Anyone with sufficient income can pay public communication monopolies $2500 or so and obtain the above mentioned, hand held information grenade, a pittance traded for power, for those with a spare $2500 anyhow. Having signed the boilerplate, every one of us agrees to be tracked, including but not exclusive to current location, movement to another location, habits, idiosyncrasies, political affiliation, inferred/assumed threat by association, purchases, relationships, sexual activity and soon (or now?), our medical records.




 




Detailed tracking of our activity is almost impossible to avoid. For instance, one’s picture can be taken several times on any visit to the bar or party, algorithmically recognized and tagged (a technology that improves daily, just ask any resident of London), then published by a stranger. Facial recognition is common today, a technical miracle no doubt, but more powerful analytics already identify our behavior with incredible granularly, not necessarily with our best interests in mind. Our actions are made available to data aggregators, interpreted by algorithm and the results are recorded. Decisions about our identities and how we should live are already set in many data repositories, available to anyone for a price.




 




Good or Evil?  Pets or food?  




 




Rant Two...




 




One of my friends (or at least he was until we discussed the subject below) described how he once enjoyed regular, recreational drives through the local campus. But for the last few years students (read those persons who actually belong on campus) have their noses buried in small, powerful devices and not giving full attention to the complicated business of walking. Some minority of those students might, at any moment of intellectual preoccupation, be collaborating on a revolutionary energy solution, or inventing a car/student collision avoidance system. Good for them.




 




My friend proposed that the rule of defensive, proactive driving be suspended to accommodate his vehicular recreation. After all, these student interlopers weren't practicing defensive, proactive walking, so courts should hold them responsible should a car/human collision occur. (In small boat voyaging we were forced to observe the gross tonnage rule, that is, no matter the law and/or rules of the road, smaller vessels must give way when a collision is imminent, because sudden splintering of the smaller vessel won't be noticed, much less ajudicated.) So, my friend argues (inadvertently), raw torque should inherit the earth.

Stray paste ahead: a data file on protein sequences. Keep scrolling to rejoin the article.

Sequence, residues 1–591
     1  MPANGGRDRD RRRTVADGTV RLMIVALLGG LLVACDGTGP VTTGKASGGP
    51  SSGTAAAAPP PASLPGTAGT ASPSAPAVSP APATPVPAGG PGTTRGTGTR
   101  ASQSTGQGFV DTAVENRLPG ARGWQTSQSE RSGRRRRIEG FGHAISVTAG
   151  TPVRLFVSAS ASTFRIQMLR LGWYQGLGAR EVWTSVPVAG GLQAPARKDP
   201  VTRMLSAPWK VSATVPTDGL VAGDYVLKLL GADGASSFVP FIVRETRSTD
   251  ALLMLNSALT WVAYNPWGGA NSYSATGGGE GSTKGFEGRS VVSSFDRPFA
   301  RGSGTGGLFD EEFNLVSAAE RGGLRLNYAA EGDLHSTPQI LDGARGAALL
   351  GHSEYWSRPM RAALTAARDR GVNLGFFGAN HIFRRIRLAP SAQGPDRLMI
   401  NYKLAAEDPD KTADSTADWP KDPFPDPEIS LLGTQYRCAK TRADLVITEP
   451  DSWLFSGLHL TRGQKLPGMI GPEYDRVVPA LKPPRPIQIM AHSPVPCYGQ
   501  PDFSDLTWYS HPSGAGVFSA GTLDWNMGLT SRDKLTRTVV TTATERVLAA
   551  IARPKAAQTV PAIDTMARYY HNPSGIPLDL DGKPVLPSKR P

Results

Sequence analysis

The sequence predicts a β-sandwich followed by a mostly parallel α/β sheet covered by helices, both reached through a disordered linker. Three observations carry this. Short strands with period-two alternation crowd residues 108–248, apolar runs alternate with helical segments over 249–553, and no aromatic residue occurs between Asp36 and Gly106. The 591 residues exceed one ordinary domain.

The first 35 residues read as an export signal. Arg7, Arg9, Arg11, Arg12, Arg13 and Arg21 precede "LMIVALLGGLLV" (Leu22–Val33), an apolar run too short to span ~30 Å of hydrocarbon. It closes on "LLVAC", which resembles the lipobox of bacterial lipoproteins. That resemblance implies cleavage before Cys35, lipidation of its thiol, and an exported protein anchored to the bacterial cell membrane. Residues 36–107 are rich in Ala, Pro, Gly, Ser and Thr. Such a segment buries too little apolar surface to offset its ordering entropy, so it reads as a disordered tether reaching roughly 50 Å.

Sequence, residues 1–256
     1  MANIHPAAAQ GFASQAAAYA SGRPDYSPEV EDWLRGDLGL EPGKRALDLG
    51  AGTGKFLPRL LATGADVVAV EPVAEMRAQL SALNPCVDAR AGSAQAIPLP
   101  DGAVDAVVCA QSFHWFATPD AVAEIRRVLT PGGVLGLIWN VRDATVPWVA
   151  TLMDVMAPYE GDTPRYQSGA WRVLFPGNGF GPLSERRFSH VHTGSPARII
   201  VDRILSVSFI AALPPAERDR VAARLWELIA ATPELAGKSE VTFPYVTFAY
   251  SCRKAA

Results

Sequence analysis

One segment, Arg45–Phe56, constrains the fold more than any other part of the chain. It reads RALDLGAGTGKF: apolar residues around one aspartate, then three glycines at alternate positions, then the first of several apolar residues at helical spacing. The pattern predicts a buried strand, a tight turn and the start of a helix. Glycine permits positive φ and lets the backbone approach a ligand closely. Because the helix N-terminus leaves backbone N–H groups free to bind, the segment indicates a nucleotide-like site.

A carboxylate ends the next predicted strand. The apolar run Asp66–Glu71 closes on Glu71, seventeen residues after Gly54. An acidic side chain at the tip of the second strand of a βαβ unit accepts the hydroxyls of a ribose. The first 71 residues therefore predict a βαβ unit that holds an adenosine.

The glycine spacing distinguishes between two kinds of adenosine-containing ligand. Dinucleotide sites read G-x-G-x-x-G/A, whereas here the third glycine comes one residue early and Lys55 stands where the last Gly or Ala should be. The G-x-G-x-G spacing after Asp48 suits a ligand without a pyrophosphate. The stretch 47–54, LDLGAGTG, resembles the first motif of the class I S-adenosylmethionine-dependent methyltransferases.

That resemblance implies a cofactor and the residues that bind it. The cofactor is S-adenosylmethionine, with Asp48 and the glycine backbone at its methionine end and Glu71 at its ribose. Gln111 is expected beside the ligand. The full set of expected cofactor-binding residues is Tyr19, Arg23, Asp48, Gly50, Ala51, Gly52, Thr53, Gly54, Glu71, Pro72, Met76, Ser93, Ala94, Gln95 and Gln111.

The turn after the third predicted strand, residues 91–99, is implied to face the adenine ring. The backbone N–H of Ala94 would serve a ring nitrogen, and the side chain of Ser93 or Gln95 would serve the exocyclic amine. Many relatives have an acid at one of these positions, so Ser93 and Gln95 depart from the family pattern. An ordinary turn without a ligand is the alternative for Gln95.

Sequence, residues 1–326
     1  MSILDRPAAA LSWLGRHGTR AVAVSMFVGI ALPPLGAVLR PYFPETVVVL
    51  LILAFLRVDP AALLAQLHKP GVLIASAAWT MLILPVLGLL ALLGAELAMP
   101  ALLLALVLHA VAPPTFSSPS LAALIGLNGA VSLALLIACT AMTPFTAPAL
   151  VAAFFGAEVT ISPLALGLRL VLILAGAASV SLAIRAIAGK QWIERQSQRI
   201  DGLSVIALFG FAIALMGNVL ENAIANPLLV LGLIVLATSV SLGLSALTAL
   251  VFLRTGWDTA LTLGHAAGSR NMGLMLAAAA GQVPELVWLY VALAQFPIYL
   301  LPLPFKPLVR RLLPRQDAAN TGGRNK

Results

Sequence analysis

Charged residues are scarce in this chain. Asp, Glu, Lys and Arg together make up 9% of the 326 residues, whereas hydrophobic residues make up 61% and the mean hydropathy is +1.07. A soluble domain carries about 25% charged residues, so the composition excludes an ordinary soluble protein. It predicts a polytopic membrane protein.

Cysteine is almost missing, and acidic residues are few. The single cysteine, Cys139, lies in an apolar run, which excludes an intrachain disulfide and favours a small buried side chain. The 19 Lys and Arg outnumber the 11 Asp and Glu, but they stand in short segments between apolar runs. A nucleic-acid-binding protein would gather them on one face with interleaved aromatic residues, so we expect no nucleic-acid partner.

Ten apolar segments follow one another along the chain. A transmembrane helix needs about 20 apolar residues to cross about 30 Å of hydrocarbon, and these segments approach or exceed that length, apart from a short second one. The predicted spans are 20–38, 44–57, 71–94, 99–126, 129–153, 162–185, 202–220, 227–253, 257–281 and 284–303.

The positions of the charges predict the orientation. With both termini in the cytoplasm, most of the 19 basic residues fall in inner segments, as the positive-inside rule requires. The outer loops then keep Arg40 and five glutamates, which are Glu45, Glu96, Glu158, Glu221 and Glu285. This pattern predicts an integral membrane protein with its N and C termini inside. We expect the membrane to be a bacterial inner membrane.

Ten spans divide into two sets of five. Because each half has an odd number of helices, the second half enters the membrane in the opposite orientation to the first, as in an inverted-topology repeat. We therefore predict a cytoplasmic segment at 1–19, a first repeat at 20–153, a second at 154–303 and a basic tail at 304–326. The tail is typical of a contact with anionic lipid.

A responsible adult and parent, my friend has been known to drive less than completely sober when young. Now older and presumably wiser, he argues that these damned kids should just stay off his lawn, rather than he staying off theirs. I think it's a telling metaphor for another digital divide, not the one where persons with less financial privilege are denied access to the Information Age, but rather a divide wherein those who won't or can't keep up with changing times would legislate a return to flawed memory of a less contemptuous past.




 




I love Kirksville, not the least of reasons being the university, medical school, and the raw, can-do energy that younger people bring to our community. Kirksville would have a dramatically different character without those institutions and businesses that support them, not to mention exceptional cultural opportunity that's accessible to all. We depend on young people, we owe them education without dibilitating debt, they are the future.




 




Those of us who embrace the age of technological innovation should guide it with informed, responsible vote. There is a powerful, profit driven, complicated, force (conspiracy?, I don't know...) that seeks to manipulate the connected, innocent citizen-sheep (us). It is attempting to force legislation and treaty that would control a free and open Internet, the wired analog to a free and open press. Powerful, ubiquitous, legal, public and private entities are watching all that we do, purchasing policy from our politicians, gathering and trading our personal information, and they may use it against us when and if convenient.  (Click here to read recent United Nations resolution, fwiw)




 




I was under the impression that we had a Constitution that forbade such activity.  Silly me.




 






Feel free to offer topic suggestions.  Commenting on the blog would be great, let’s get some discussions going.  Or, if you don’t want to comment and have a topic suggestion, please email: kdegeneralist@gmail.com




 




Thanks to Jeff Jarvis for planting seeds of distrust.




 




My Web Site:  www.thegeneralistweb.com




 




PS:  Please support Wikipedia.